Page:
FALL RIVER — A defiant Fall River Mayor Jasiel F. Correia II returned to City Hall Friday amid a call from Governor Charlie Baker to relinquish his post while his criminal case is pending and plans by city councilors to hold a special session to discuss the indictment.
Baker, who renounced Correia’s endorsement Thursday, released a statement Friday urging the 26-year-old Democratic mayor to hand over the reins of power following his arrest on federal fraud and tax evasion charges.
“Governor Baker and Lieutenant Governor Polito believe that in light of these serious allegations, Mayor Correia should act in the best interests of the people of Fall River and step aside until the case is resolved,” the statement from Baker/Polito campaign spokesman Terry MacCormack said. “Ultimately, it is up to residents and voters to decide who is best fit to lead the city.”
City Council President Cliff Ponte said he’s convening a special meeting at 6 p.m. on Tuesday to discuss the criminal case against Correia and any proposals from members “regarding the leadership of our city.”
Correia was arrested Thursday morning and charged with stealing more than $231,000 from investors in his SnoOwl tech startup. Federal prosecutors said he used the money on expensive travel, a Mercedes-Benz sedan, casinos, and adult entertainment.
He is also charged with filing fraudulent tax returns in an effort to conceal the alleged scheme. Prosecutors allege Correia stole about 64 percent of the $363,690 that SnoOwl’s seven investors contributed and spent it before being sworn in as mayor in 2016. He has pleaded not guilty to nine counts of wire fraud and four counts of filing false tax returns.
Correia, back on the job Friday morning, insisted he would not resign.
“I’m back at work and doing the people’s business,” he said as he walked out of his office and into an elevator. “I was elected to do the job, and it is my job to be the mayor, and, until such time as it isn’t my job, I’m going to continue to do the job.”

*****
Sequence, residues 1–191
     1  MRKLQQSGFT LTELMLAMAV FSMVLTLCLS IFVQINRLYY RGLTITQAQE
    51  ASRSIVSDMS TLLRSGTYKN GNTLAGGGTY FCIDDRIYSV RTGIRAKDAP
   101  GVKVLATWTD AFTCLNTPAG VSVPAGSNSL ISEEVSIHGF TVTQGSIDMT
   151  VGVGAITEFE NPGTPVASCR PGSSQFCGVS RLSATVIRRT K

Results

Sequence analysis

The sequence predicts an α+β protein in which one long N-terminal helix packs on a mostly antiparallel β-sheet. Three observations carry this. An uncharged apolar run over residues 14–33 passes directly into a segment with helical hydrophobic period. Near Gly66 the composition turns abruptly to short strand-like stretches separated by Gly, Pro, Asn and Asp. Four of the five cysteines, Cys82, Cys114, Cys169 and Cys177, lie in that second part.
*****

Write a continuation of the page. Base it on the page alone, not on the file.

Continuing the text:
City Councilor Leo Pelletier said Correia should step aside, citing allegations that he spent ill-gotten gains on adult entertainment.
“Some of the money he spent and the way he spent it is embarrassing,” said Pelletier, who has served on the council for 30 years. “He’s a college man. He should know better.”
The city charter includes a recall process for elected officials and a mechanism for replacing the mayor “by reason of sickness or other cause.”
The nine-member City Council has the authority to find Correia “unable to perform the duties of the office” and install its president, Ponte, as acting mayor with a vote of seven councilors, according to the charter.
Pelletier, however, said he doesn’t believe enough councilors would vote to force Correia to step aside. The recall process takes too long, he said.
“You could probably squeeze five [votes] unless the people badger these other guys,” Pelletier said.
If Correia is convicted, he would be ousted under the charter.
Another councilor, Steven A. Camara, said Correia should decide whether to resign. He said he wouldn’t support a recall or any effort to force Correia to step aside and put an acting mayor in charge of Fall River.
“One is innocent until proven guilty,” Camara said. “An indictment is an accusation.”
City operations aren’t solely reliant upon Correia, Camara said, noting Fall River has a city administrator and department heads who run different aspects of municipal government.
“The mayor is one person,” he said.
In 2014, the city ousted Mayor William Flanagan in a recall election and voted in Samuel Sutter, who was then Bristol district attorney. A few months before the vote, Correia, then a city councilor, accused Flanagan of trying to intimidate him. He said Flanagan showed him a gun during a ride in Flanagan’s vehicle, after Correia signed a petition seeking the recall.
Correia first ran for mayor in 2015 at age 23, defeating Sutter and becoming the youngest person elected to the post in Fall River’s history. Last year he won reelection by a wide margin.
The state Democratic Party declined to say whether Correia should resign.
“The charges against Mayor Correia are serious, and the people of Fall River deserve a thorough, fair, and transparent investigation,” Veronica Martinez, the party’s executive director, said in a statement.
Asked Friday how he would respond to a city councilor who has called on him to step down, Correia chuckled.
“Oh, come on,” he said. “City councilors always talk.”
Correia said he has a full agenda and plans to attend events throughout the city.
Then he let the elevator doors close, ending the interview.Michael Levenson can be reached at firstname.lastname@example.org. Follow him on Twitter @mlevenson. Laura Crimaldi can be reached at email@example.com. Follow her on Twitter @lauracrimaldi.